Exercise Could Be Fountain of Youth for Blood Vessels
WebMD News Archive
More and more, scientists are learning that regular activity may be able to
turn back the clock. A new study conducted in Italy suggests that people over
age 60 who exercise consistently have blood vessels resembling those of people
less than half their age. This can drastically reduce the risk of heart attacks
and strokes and is part of a growing body of evidence suggesting that exercise
can slow the effects of aging. So if you're looking for the fountain of youth,
think about diving into an exercise program.
Stefano Taddei, MD, and his colleagues at the University of Pisa found that
regular physical activity seems to maintain healthy blood vessels, at least in
part, by maintaining proper function of the thin layer of cells that lines the
inside of each vessel. This layer produces a substance that helps the blood
vessels open when more blood flow is needed. This substance also seems to
protect the vessels from developing atherosclerosis -- also known as hardening
of the arteries -- and abnormal blood clots.
In the study, investigators compared blood flow in young athletes with an
average age of 27 to that of older athletes with an average age of 65. Both
groups mostly participated in running, cycling, and triathlons, but the
researchers also included some couch potatoes in each group for comparison.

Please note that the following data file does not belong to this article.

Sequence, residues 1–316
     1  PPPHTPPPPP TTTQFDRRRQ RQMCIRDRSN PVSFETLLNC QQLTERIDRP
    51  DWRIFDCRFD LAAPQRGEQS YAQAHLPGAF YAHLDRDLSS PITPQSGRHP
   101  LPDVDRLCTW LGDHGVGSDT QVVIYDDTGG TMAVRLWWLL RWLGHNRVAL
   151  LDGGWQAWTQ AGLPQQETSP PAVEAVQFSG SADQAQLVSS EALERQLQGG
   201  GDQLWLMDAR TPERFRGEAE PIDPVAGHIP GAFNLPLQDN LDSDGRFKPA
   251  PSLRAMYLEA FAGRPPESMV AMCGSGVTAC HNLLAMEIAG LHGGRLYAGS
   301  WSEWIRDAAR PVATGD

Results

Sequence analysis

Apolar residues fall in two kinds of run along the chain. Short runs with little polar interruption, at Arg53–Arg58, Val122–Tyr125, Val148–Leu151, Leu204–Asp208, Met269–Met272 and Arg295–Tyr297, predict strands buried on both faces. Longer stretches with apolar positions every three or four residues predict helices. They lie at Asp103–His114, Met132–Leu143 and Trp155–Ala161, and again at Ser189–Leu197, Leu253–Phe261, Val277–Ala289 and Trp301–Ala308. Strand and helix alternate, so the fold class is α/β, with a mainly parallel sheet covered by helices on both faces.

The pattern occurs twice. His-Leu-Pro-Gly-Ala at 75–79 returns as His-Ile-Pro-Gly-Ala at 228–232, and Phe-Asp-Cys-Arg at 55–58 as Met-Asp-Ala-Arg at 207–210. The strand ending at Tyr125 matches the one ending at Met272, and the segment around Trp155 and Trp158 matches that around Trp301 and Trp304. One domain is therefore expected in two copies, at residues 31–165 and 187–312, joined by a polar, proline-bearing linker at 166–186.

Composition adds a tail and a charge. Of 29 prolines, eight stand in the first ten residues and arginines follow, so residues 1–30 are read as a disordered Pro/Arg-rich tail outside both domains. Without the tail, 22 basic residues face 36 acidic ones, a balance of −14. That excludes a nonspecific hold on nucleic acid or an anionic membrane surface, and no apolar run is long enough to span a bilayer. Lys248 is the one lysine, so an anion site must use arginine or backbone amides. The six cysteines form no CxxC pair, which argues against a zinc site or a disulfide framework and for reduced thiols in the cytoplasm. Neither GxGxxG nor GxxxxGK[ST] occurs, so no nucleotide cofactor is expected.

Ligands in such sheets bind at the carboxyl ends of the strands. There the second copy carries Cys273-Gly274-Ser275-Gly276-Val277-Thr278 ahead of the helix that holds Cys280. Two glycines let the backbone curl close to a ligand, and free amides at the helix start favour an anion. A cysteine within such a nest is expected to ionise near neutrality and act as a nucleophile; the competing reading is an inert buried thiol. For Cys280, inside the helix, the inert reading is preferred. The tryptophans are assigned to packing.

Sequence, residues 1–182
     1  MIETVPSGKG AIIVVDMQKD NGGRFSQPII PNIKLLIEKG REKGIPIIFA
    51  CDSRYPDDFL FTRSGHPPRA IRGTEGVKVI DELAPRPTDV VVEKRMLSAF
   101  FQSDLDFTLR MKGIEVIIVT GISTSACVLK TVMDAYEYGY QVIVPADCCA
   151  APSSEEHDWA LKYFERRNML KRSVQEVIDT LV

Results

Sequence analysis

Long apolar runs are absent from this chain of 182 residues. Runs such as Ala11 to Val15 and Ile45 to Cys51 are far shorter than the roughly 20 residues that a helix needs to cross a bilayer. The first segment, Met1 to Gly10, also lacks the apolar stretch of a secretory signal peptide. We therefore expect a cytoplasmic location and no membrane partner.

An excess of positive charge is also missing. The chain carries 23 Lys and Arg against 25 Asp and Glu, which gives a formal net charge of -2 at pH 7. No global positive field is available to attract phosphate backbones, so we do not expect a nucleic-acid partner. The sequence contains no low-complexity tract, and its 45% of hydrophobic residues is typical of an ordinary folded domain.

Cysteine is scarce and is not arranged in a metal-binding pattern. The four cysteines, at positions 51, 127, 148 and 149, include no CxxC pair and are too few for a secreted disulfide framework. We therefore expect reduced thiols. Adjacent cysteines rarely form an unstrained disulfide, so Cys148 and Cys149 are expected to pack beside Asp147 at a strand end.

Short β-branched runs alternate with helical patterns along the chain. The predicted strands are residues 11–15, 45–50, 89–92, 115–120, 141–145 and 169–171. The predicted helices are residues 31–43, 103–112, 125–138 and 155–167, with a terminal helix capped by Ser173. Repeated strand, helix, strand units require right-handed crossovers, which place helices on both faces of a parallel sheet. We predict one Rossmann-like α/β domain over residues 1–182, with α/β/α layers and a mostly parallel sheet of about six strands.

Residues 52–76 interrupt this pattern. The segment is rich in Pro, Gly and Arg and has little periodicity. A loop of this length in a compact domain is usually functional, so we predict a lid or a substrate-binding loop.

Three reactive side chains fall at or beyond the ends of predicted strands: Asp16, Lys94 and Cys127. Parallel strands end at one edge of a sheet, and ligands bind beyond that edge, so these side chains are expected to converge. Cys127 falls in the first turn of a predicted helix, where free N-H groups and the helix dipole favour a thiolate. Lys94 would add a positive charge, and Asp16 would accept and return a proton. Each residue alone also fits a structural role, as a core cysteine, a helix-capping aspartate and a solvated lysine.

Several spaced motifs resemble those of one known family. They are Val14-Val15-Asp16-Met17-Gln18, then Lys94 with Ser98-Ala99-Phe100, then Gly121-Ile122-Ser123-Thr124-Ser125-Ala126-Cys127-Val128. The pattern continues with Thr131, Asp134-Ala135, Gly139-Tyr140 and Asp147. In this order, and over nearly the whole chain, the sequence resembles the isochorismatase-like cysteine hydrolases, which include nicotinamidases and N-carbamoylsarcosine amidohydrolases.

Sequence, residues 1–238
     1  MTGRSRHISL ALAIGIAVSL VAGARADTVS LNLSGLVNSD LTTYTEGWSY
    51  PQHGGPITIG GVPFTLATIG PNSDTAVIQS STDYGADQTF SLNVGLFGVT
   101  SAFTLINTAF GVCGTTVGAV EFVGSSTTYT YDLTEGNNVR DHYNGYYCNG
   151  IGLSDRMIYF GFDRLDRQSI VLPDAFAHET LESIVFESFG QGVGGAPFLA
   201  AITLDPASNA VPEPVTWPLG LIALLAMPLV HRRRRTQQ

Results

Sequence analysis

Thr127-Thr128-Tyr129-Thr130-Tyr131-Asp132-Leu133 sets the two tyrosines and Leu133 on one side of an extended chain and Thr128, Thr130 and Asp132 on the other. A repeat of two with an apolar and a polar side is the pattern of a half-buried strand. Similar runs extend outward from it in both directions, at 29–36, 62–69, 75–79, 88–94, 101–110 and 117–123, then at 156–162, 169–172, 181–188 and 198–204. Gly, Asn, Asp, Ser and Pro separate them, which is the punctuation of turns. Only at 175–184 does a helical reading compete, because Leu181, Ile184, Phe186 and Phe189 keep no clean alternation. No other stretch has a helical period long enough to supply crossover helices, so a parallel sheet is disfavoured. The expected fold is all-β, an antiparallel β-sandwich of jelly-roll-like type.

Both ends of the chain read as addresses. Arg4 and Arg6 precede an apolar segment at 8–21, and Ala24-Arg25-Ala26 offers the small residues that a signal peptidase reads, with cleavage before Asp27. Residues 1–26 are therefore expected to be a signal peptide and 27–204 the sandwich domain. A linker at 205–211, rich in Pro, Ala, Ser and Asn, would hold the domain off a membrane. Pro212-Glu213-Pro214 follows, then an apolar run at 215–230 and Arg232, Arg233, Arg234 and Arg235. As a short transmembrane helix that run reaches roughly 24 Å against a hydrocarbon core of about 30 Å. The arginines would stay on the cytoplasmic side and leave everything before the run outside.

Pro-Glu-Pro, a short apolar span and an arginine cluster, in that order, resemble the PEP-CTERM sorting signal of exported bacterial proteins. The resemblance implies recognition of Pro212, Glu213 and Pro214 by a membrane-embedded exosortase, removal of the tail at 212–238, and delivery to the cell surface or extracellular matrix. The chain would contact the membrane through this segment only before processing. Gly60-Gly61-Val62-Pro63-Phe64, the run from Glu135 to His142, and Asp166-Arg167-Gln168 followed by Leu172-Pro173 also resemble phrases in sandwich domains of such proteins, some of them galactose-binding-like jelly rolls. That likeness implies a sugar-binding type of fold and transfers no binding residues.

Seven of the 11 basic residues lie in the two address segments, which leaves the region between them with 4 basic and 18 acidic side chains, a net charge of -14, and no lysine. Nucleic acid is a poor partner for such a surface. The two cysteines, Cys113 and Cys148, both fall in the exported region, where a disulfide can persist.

The authors found that both groups of younger people and the older
athletes responded similarly when given a drug to increase blood flow -- their
blood flow increased. However, the older, nonathletic group did not have an
increase in blood flow.
The scientists conclude their results confirm previous findings that age and
damaged blood-vessel linings often go hand in hand. The results also
demonstrate that physical activity can prevent this problem.
"This is a well-done, well-controlled study with a good message,"
says heart specialist Gerald Fletcher, MD, a spokesman for the American Heart
Association. "It just goes to show the benefits of exercise." Fletcher,
who was not involved in the study, tells WebMD that individuals who start
exercising at age 60 can improve their blood-vessel function by 25% within just
a few months.
The exercise should be predominantly aerobic, which gets the heart pumping,
for people to reap the full benefits for the heart. But resistance exercise,
such as lifting weights, also may have some benefit. Fletcher says exercising
30 minutes a day, six days week is "ideal."
"Heart disease can be prevented," and exercise is the best tool we
have to reduce risk, says Fletcher, who teaches at the Mayo Medical School in